A new tool developed at the University of Auckland has the potential to detect – and even treat – serious gut conditions.
The flexible electrode records subtle electrical activity in our gastrointestinal system, and inventor Peng Du, from the spin-out company Fleximap and the Auckland Bioengineering Institute, hopes it will become a routine way for doctors to diagnose medical conditions caused when this electrical activity goes awry.
‘In one end and out the other’ is a good summary of what happens with the food we eat. That food moves through our gastrointestinal system through regular muscular contractions. These contractions are triggered by a series of ‘bioelectric events’ which are similar to the electrical activity that governs the regular rhythm of our hearts – or ‘similar but different’ as Peng Du describes it.
Peng uses the analogy of a network of electric generators. “Each generator on its own is capable of generating electrical current – or frequency - at different times of day. When they are connected together in a network they undergo this physical process called entrainment, which means they lock into a single frequency.”
Imagine, he says, a generator in the north of the North Island that goes on at 9am, while one at the top of the South Island goes on at midday and a third one at the bottom of the South Island goes on at 3 pm.
“This sequence in time allows a direction of propagation,” says Peng. The same thing is happening in our long skinny gut, as waves of electrical activity ripple along it in an entrained sequence, stimulating the muscular contractions.
But if enough of the individual generators stop working, the whole system can develop arrhythmias, get out of sync and even stop.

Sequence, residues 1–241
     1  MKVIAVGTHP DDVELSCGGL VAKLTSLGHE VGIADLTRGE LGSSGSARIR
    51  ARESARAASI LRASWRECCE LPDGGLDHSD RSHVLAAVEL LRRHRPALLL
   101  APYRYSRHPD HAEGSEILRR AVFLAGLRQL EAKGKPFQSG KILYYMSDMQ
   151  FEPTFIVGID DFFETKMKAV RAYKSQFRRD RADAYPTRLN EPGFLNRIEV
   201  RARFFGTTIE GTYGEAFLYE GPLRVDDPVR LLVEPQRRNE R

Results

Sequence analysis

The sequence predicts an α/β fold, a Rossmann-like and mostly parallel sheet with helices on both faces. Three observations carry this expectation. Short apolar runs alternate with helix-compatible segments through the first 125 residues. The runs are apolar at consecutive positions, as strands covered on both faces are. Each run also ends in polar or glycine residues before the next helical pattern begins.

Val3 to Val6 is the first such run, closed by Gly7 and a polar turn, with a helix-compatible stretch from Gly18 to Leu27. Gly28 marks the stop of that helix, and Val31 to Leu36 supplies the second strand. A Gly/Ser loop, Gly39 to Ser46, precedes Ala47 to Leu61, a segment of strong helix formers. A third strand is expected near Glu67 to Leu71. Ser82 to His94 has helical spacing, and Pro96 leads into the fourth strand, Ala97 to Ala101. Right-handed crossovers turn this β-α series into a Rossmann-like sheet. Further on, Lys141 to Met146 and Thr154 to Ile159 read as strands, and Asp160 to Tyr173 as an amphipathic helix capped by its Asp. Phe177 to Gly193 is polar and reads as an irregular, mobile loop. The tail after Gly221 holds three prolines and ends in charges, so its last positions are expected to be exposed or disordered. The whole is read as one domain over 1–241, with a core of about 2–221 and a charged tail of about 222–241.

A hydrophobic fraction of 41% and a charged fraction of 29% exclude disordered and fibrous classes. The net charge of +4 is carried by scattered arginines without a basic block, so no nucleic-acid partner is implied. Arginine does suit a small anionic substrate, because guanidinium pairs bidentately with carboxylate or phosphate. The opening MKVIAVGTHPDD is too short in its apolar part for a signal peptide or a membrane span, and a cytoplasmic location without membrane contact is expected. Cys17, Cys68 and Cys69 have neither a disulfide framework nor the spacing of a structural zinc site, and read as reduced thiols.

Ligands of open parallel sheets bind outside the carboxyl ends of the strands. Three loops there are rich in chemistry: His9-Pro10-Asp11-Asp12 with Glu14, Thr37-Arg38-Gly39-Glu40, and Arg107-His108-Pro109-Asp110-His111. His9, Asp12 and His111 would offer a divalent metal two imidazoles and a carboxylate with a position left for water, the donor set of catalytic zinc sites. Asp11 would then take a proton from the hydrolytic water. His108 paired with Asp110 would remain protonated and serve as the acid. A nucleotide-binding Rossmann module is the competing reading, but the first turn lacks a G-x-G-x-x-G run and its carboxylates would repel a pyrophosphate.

Until now, measuring both healthy and disrupted electrical activity in the gut has proven very difficult, as the electrical signals are much more subtle and diffuse than those of the heart.
But Peng’s team, which includes engineers and medical specialists, was the first to measure and confirm that two conditions - gastroparesis (effectively paralysis of the stomach) and chronic nausea and vomiting – are related to abnormal electrical activity in the gut.
These conditions are uncommon, says Peng, but are increasing as they are related to Type 2 diabetes. And he suspects that the much more common dyspesia, or indigestion, is also related to abnormal electrical activity in the stomach.
The first sensors developed to map electrical activity in the gut were rigid, but Peng says the trick has been to develop a flexible electrodes that can mould to the contours of our soft gut.
He uses printed circuit board technology to produce a sensor that has multiple electrodes embedded on it in a regular pattern.
The effectiveness of the first device was tested in real people who were having gut surgery at Auckland City Hospital, when the device could be laid directly on the stomach.
The tool is so sensitive, says Peng, that it showed that different parts of the stomach have different functions, and unique patterns of electrical activation.
A key design consideration has been to meet the high standards of sterility required in an operating theatre, so Peng and his team are constantly refining. A bulky soldered connector that was difficult to sterilise has been replaced by a small integrated plug. Everything has been made smaller and thinner so it can be used during keyhole surgery, and not just open surgery. And the team is working to better understand the patterns of gut signals, so they can develop a tool that could be used on the exterior of the body.
Student Sarah Jeoing is already using an external gastric belt to study how much discomfort and nausea people experience when they’re in a virtual reality or VR environment.
Peng and Sarah say that the VR industry is busy trying to find ways to minimise that kind of discomfort – and their tool will help quantify how effective they are. It’s another useful commercial application for the company that Peng has developed out of this research, called Fleximap.